Digital ecosystems dominate headlines—as online worlds of experience that offer seamless access to a diverse set of products and services, as digital integrations of providers from different industries, and as real opportunities for insurers looking to expand their customer bases. By 2030, digital ecosystems will account for around €60 trillion in revenue worldwide, and the hopes attached to them are as vast as their potential.
Meanwhile, insurers are still questioning their role in and the impact of this transition. The German trade publication Versicherungsmonitor recently ran a story with the headline “Farewell to ecosystem dreams,” which says that many auto insurers have resigned themselves to playing only a marginal role in digital mobility worlds. Similarly, in a survey conducted among healthcare insurers, respondents saw themselves in the middle of the pack compared to other, more proactive ecosystem adopters.
But taking advantage of digital ecosystems is not an all-or-nothing prospect. While some companies will shape the customer interface as the ecosystem’s primary orchestrator, others will participate in discrete aspects or areas of the ecosystem. But there are more than these two extremes; the spectrum of attractive possibilities is more colorful and nuanced.
Five lessons learned by insurers on the path to ecosystem orchestration and participation will help ensure that their digital-ecosystem efforts are effective:
1. Basic principle: Improve the value chain from the customer's point of view. Addressing customer needs skillfully and quickly not only creates value but also provides cross-selling opportunities and strengthens customer loyalty. For example, Prudential's Pulse ecosystem offers health services for everyone—but 70 percent of users are not yet Prudential customers. With just one mouse click, they can become one. Almost two million policies have been issued in the first year alone to health-conscious and digitally oriented customers.
2. Prerequisite: Establish skilled digitization in the core business first. If there are problems in the core business, ecosystem approaches will also fail to have the desired effect. For example, customers shouldn’t have to enter their data and log-in information again after agreeing to advertising and checking cookies. Such inconveniences kill success. Additionally, data silos make it difficult to measure the benefits of digitization. Discovery has integrated its core business with appropriate ecosystem services in the Vitality One platform and has found that its users’ health costs are as much as 14 percent lower compared with those who don’t use these ecosystem services—a combined effect of higher loyalty, changed habits, and an enticing customer experience.
3. Impact: Build from core to ecosystem. It can take time for ecosystem services to become financially relevant alongside the core insurance business. After all, the priority is growth, not direct monetization. Of course, the business model should be sustainable in the long term, but in the short term, the benefits are often more indirect. Chinese insurer Ping An now generates one-third of its customers from its 700 million ecosystem users—even if the business alone is not necessarily profitable and is hardly comparable to other countries such as Germany in regulatory terms.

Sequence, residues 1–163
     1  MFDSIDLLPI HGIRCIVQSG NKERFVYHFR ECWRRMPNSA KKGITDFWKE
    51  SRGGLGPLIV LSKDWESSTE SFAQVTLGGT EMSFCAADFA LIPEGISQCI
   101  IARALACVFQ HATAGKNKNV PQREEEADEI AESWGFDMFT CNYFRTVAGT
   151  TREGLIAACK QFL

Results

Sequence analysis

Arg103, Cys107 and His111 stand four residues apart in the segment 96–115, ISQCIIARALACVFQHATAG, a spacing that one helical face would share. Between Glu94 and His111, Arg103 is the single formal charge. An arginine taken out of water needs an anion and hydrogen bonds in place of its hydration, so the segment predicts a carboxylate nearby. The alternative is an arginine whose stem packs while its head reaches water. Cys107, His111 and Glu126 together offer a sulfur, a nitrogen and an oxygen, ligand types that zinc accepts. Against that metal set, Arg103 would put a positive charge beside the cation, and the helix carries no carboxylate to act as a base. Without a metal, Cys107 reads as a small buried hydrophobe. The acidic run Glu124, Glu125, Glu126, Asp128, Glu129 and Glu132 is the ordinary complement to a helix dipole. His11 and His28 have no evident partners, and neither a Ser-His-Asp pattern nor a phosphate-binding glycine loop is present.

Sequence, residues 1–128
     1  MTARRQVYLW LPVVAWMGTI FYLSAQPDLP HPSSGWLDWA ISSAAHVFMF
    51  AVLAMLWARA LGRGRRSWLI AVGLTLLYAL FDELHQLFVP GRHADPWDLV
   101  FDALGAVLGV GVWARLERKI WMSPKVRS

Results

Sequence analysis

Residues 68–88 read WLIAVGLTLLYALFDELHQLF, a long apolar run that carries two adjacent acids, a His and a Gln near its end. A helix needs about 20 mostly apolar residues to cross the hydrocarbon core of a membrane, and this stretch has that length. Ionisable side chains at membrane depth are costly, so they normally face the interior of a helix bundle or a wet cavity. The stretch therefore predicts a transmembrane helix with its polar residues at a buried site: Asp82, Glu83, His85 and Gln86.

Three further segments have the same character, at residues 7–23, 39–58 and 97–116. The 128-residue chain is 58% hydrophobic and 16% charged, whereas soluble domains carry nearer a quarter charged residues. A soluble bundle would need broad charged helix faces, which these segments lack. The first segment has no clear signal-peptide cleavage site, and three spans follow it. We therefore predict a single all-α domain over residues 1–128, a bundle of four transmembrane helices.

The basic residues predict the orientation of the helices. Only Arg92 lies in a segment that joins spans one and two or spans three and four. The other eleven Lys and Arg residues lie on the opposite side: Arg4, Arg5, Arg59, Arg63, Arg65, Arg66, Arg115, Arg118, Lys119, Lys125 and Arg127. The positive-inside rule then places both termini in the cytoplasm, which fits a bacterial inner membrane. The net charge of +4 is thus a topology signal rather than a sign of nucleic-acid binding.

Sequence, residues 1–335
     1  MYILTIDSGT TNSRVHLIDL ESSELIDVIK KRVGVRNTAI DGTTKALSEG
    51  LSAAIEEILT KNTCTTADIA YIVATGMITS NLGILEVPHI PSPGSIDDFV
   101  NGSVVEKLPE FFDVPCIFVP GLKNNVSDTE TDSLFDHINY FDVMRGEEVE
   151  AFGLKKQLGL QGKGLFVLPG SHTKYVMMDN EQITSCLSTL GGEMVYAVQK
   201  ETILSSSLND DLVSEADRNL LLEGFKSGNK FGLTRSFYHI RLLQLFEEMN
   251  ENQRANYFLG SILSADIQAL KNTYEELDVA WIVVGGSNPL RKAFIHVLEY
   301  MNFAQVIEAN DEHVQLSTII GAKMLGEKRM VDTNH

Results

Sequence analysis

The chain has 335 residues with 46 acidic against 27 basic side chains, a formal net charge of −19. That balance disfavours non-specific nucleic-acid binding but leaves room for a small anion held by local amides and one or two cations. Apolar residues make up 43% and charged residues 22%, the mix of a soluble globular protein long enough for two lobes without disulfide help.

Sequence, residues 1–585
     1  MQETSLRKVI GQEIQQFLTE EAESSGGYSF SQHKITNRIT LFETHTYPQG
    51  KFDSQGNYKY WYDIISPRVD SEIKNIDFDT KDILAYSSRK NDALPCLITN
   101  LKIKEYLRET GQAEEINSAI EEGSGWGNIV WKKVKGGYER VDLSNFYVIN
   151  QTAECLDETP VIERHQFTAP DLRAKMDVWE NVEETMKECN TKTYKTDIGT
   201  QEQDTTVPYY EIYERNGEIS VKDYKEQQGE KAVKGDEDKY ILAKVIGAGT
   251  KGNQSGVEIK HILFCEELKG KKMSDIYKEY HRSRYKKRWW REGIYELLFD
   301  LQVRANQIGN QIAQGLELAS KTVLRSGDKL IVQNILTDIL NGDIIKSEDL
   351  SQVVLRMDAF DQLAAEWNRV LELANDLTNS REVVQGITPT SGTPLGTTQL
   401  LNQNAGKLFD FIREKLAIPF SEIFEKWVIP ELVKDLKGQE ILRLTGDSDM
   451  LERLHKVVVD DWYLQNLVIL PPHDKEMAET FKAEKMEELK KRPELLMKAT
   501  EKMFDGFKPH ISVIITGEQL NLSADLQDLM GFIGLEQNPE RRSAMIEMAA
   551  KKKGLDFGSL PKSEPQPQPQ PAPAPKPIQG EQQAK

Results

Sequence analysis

4. Scaling: Don’t do it alone. Expanding ecosystems requires a mix of three things: making, buying, and partnering. The last element is particularly challenging because it requires ensuring ecosystem participants don’t offer the same or similar products or services to the ecosystem’s customers. Therefore, successful models are better thought out. Take, for example, the recently launched “WELL” ecosystem, which combines the offerings of Swiss insurance companies CSS and Visana with telemedicine provider Medi24 and online pharmaceutical company Zur Rose. All participants target different customer segments for their core business, but together, they can reach two million users—a quarter of Switzerland’s population.
5. Vision: Expand on specific strengths. Insurers often think they have no chance in the ecosystem world—and the hesitance is understandable. Leading tech companies have built ecosystem empires on loyal customer bases that use their products and services in everyday life. Other industries also have inherent competition; some companies already sell insurance along with their core product. Tesla, for instance, recently launched its own stand-alone insurance provider with rates it says will be 20 to 30 percent below the market average. However, insurers can counter these developments with their own customer data and resources, such as health insurers’ medical billing data and motor insurers’ driver and vehicle data. By focusing on leveraging these strengths, insurers can continue to develop their digital customer interfaces and value chains in a targeted manner.
Ecosystems are here to stay—one way or another. For digitally savvy insurers, ecosystems offer the opportunity to create cost-efficient value in a connected world and stay ahead of competition in the long term. There are attractive opportunities for everyone, and no strategy is always the worst strategy. So for insurers, ecosystems are not only a safe bet for next year but also a promising path to success in the next decade.
Download the article here.